The need for coherent, ethical guidelines


Blaming companies like X for trying to boldly draw attention to social issues in the current environment is easy, as the optimal way to do things remains unclear. Many investors and other entities evaluate companies based on the different ESG or CSR guidelines that are both large in numbers and inconsistent. Companies themselves might use such guidelines as means to increase their own credibility, rather than doing any tangible improvements for the society. There is no consensus on who should be part of the criteria, nor about who should set them. “There are many reliable and unreliable entities giving ratings, logos and labels. But what is the role of an ESG ranking if even the worst companies are part of that?’’ Wickert asks.

While governments and entities such as the European Union are trying to claim the regulatory space of ethical criteria, right now many of the criterias are established by private companies. Whether following such guidelines should be voluntary or mandatory is another unanswered question Wickert mentions. He doubts that leaving the decision to companies themselves is not going to work: “A company can have a lot of ethical violations and still get a high ESG score. Evidence for these guidelines to serve the planet rather than corporations is very thin,” he explains. 

Being able to evaluate whether a corporation is committing to social goals beyond its efforts to maximize profits should ideally come from a centralized, non-partisan entity. The good thing is that a lot of frameworks, such as the Sustainable Development Goals are already in wide use. What the current system lacks is coherency.
Not having clear guidelines will make it more difficult for customers, investors and clients' ability to distinguish between genuine companies and those just talking. Evaluating companies doing ESG is not easy - they can be measured with factors such as employee turnover, but their monetary value often remains unclear. Companies could improve for example by using transformation methodologies, or establishing themselves as a public-benefit corporation.


“A company can have a lot of ethical violations and still get a high ESG score. Evidence for these guidelines to serve the planet rather than corporations is very thin,” he explains. 


Not quick money, but long-term benefits


Leaders of company X and many alike have already realized that making as much money as quickly as possible will not guarantee a successful business over time. Still, many companies find purpose-led strategies a difficult territory. Mostly because they lack directly visible gains. Evidence is however stacking up to show the long-term financial benefits to companies that actively work to solve societal problems.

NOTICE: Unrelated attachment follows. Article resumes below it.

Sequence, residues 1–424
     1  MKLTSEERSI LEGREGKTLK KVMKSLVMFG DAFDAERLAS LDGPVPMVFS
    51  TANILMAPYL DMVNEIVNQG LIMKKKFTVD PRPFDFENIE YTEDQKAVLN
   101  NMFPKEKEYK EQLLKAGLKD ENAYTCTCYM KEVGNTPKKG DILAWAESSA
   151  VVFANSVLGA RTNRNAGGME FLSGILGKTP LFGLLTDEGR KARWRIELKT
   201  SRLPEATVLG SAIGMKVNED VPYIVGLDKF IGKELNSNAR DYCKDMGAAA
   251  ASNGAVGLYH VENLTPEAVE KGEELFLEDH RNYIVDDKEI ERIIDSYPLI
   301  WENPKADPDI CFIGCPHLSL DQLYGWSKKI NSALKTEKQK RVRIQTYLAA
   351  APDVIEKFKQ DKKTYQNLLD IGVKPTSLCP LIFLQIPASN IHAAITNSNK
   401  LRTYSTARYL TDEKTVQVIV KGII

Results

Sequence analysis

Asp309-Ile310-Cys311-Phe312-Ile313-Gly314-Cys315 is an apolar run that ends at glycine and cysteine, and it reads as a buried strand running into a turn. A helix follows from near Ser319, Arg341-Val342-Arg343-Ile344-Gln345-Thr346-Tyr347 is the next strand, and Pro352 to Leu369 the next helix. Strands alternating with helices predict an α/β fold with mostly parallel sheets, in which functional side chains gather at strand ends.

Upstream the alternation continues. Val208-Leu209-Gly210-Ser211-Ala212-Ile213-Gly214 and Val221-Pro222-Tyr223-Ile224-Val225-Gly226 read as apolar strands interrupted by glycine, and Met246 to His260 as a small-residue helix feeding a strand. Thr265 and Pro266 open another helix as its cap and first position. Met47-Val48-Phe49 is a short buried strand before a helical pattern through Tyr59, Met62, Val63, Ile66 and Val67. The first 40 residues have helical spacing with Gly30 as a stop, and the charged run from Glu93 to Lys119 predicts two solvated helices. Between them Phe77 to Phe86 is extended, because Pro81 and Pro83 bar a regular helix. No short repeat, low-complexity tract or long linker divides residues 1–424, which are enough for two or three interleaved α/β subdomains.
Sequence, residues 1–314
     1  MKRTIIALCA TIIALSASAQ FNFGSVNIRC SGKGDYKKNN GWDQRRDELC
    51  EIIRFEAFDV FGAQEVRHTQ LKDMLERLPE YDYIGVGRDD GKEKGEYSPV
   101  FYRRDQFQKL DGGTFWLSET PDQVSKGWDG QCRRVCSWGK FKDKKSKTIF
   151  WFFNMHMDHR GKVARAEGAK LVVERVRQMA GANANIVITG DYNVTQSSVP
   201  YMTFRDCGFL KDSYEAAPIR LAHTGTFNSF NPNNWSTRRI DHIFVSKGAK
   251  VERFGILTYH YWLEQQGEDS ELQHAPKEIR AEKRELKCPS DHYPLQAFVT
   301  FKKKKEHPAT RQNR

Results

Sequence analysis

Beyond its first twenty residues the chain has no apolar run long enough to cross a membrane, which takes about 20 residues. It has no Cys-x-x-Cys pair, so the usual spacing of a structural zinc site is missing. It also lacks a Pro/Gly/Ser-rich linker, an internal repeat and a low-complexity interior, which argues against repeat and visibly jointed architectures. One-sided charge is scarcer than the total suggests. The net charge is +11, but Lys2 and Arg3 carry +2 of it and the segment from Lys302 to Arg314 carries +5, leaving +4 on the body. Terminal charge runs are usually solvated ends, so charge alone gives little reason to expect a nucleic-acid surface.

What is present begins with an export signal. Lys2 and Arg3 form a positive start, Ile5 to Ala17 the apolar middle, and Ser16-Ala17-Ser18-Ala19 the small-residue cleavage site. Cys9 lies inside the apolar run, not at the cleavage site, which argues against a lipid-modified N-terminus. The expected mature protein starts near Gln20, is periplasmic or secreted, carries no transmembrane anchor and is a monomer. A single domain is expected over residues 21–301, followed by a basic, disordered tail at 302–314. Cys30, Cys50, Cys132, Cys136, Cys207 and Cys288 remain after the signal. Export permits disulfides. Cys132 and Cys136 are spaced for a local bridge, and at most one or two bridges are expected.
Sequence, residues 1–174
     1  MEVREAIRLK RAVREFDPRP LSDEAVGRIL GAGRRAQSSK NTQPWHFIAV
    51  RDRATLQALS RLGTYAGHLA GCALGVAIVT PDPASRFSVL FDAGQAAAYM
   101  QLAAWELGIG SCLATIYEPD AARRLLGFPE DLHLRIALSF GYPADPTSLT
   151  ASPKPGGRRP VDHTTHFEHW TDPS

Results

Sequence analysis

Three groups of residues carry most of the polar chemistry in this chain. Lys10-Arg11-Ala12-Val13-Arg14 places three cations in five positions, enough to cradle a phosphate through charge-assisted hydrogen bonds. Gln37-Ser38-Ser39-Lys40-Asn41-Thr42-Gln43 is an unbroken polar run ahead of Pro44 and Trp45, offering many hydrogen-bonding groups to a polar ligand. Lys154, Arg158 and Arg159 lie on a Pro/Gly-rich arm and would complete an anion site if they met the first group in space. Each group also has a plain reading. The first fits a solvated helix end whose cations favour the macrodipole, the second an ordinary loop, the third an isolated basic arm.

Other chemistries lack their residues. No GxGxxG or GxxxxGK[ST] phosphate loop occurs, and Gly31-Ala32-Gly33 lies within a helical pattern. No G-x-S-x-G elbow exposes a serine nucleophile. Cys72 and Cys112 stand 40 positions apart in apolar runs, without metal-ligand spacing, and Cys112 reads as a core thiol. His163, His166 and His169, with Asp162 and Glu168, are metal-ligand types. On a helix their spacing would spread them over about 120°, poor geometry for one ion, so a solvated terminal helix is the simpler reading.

Like socially aware consumers, investors’ views are slowly shifting. According to PwC’s Global Investor Survey from December 2021 shows that 34 percent of investors would compromise on return of investment if the company would have a beneficial impact on society or the environment. Further, many investors today are looking into funding green initiatives, as achieving net-zero goals will require a significant economic transformation. Every year US$ 40 billion is invested in forest preservation alone. To put things into perspective, in 2022 the US spent US $350 billion to boost consumption and speed up the recovery of the post-pandemic US economy. Although the benefits of forest preservation may only materialize after a long time, they will surely have a long-lasting impact. 

Companies paying attention to diversity will also now more likely than ever outperform their less diverse peers. According to a McKinsey report on diversity, equity and inclusion in 2020, there remains a strong business case for both gender and ethnic diversity as well as cultural diversity. Like many others today SMARTKAS values the individual qualities of every employee regardless of their background.
The entire wokeness discussion stems from the fundamental difference between the current economic system and making sustainable decisions for the planet and society. However, inaction will certainly be more costly than taking long-lasting steps to the future. Successful and profitable business and social awareness can coexist, as long as it is deeds and not just words.